No matter what you’ve previously been told, classic lit is enjoyable, relevant, and quite entertaining. Books transcend time and those within the classic lit genre are no exception. That’s precisely why I’m courting classic lit and calling you all to do the same.

If the Doctor offered to take you to another planet, wouldn’t you go? Of course!

Books are

So, why not take a trip by cracking open a new, old one?

——

Have I convinced you yet? Well, if anyone decides to venture into the classic lit world, or has already discovered it (you sir or madam, are a smart duck), let me know. Perhaps we can have a chat and start a ship war–I’m happily sailing Katherine/Petruchio, Emma Woodhouse/Mr. George Knightley, and Fanny/Edmund. Or, we can just have virtual tea and become Goodreads friends, it’s your choice.

Regardless, best of luck in the world of literature and always remember:

Note:

The introductory paragraph of literary torture–I mean, fun–via mixed-period English was brought to you by this delightful little resource: I Bequeath Thee.

Also, the inspiration for this post and my newfound appreciation of classic literature was this wonderful little lit-nerd tidbit: Disgruntled English Major.

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New Favorite Quotes

With the passing of time comes the passing of many words. From brain, past lips, to ears, and other brains, words transform our world. Words hold power that we cannot even wholly comprehend. Strings of sounds and connecting pauses, whole phrases can define our lives and our world. As humans, we need words to communicate, allowing our gestures and emotions to take on new and more complete meaning. I, for one, find the power of words to be quite extraordinary in such a way that I cannot even begin to express my love of words. Without further adieu, here a few more of my favorite strings of words though the list could be endless:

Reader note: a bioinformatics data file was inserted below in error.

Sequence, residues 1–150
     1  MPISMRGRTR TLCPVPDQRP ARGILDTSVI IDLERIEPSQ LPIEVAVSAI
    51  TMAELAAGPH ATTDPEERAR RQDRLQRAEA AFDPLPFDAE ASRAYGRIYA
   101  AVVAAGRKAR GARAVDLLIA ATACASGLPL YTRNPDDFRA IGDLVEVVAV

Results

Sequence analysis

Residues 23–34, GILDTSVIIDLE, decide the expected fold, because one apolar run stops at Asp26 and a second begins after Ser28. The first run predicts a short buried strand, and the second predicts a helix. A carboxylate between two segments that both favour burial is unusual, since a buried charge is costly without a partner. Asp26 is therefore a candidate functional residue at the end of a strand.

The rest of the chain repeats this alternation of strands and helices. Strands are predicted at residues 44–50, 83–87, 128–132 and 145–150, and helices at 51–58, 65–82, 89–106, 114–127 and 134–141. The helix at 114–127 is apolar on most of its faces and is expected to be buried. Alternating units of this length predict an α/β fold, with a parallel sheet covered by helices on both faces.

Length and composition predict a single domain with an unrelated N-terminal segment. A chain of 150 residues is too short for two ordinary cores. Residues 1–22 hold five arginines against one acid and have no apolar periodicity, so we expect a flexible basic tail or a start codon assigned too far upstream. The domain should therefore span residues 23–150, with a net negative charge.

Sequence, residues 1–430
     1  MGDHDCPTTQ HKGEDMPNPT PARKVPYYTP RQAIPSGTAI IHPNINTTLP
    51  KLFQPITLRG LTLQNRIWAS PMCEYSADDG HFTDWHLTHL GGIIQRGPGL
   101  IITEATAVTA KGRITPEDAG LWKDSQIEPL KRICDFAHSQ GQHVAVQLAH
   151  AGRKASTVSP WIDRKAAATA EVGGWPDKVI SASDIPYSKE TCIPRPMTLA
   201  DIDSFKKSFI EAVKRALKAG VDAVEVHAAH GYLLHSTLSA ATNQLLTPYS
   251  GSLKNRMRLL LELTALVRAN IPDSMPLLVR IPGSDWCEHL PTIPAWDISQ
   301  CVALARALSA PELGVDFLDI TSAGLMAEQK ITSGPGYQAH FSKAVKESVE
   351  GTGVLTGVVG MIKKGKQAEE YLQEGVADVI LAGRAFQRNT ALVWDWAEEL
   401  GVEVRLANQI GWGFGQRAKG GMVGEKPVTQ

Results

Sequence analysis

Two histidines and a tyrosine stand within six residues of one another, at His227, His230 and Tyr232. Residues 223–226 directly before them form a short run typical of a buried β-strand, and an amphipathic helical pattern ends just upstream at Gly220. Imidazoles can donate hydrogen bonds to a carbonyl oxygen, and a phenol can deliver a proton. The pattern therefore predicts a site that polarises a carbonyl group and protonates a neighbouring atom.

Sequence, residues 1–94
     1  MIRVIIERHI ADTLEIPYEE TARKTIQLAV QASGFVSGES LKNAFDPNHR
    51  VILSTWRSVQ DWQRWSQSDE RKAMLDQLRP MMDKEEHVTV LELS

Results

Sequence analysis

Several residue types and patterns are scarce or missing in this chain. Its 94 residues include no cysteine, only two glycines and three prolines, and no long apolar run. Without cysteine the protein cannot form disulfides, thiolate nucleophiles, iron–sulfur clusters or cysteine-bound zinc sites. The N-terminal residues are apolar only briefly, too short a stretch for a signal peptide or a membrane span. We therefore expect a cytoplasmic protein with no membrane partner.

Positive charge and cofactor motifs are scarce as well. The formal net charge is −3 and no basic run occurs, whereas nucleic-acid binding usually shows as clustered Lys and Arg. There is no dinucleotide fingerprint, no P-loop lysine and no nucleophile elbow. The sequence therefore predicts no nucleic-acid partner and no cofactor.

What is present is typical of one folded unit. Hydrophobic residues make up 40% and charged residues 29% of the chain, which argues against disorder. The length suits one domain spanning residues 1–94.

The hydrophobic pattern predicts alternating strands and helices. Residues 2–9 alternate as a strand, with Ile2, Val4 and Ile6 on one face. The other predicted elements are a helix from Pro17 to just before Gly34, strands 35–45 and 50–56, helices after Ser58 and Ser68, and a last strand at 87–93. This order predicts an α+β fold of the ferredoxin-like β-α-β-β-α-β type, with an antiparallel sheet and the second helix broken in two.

“If you judge people, you have no time to love them.” (Mother Teresa)

“There is that in me…I do not know what it is…but I know it is in me.” (Walt Whitman)

“After silence, that which comes nearest to expressing the inexpressible is music.” (Aldous Huxley)

“The only people for me are the mad ones, the ones who are mad to live, mad to talk, mad to be saved, desirous of everything at the same time…” (Jack Kerouac)

“You can close your eyes to the things that you do not want to see, but you cannot close your heart to the things you do not want to feel.” (Unknown)

“In a time of universal deceit, telling the truth is a revolutionary act.” (George Orwell)

“Nothing is so strong as gentleness, and nothing is so gentle as real strength.” (Ralph W. Sockman)

“Love is a devil: there is no angel but Love. Yet was Samson so tempted, and he had an excellent strength; yet was Solomon so seduced, and he had a very good with.” (William Shakespeare)

“In short, I’d rather be truthful than correct.” (Sir Thomas More)

“They’re quite gentle really, but people avoid them because they’re a bit…different.” (Luna Lovegood, character of J.K. Rowling)

“Birds sing after a storm; why shouldn’t people feel as free to delight in whatever sunlight remains to them?” (Rose Kennedy)

“Now I pierce the darkness, new beings appear.  The earth recedes from me into the night; I saw that it was beautiful, and I see that what is not the earth is beautiful.  I go from bedside, I sleep close with the other sleepers each in turn.  I dream in my dream all the dreams of the other dreamers, and I become the other dreamers.  I am a dance–play up there! The fit is whirling me fast!” (Walt Whitman)

“There is no exquisite beauty…without some strangeness in the proportion.” (Edgar Allan Poe)

“Hating our actions is the first step to our redemption. Hating ourselves, however, is the first step to our destruction.” (Albus Dumbledore, character of J.K. Rowling)

“Cowards die many times before their deaths; the valiant never taste of death but once.” (William Shakespeare)

“I wonder how many people I’ve looked at all my life and never seen.” (John Steinbeck)

“The greatest pleasure in life is doing what people say you cannot do.” (Walter Bagehot)

“Constantly talking isn’t necessarily communicating.” (Eternal Sunshine of the Spotless Mind)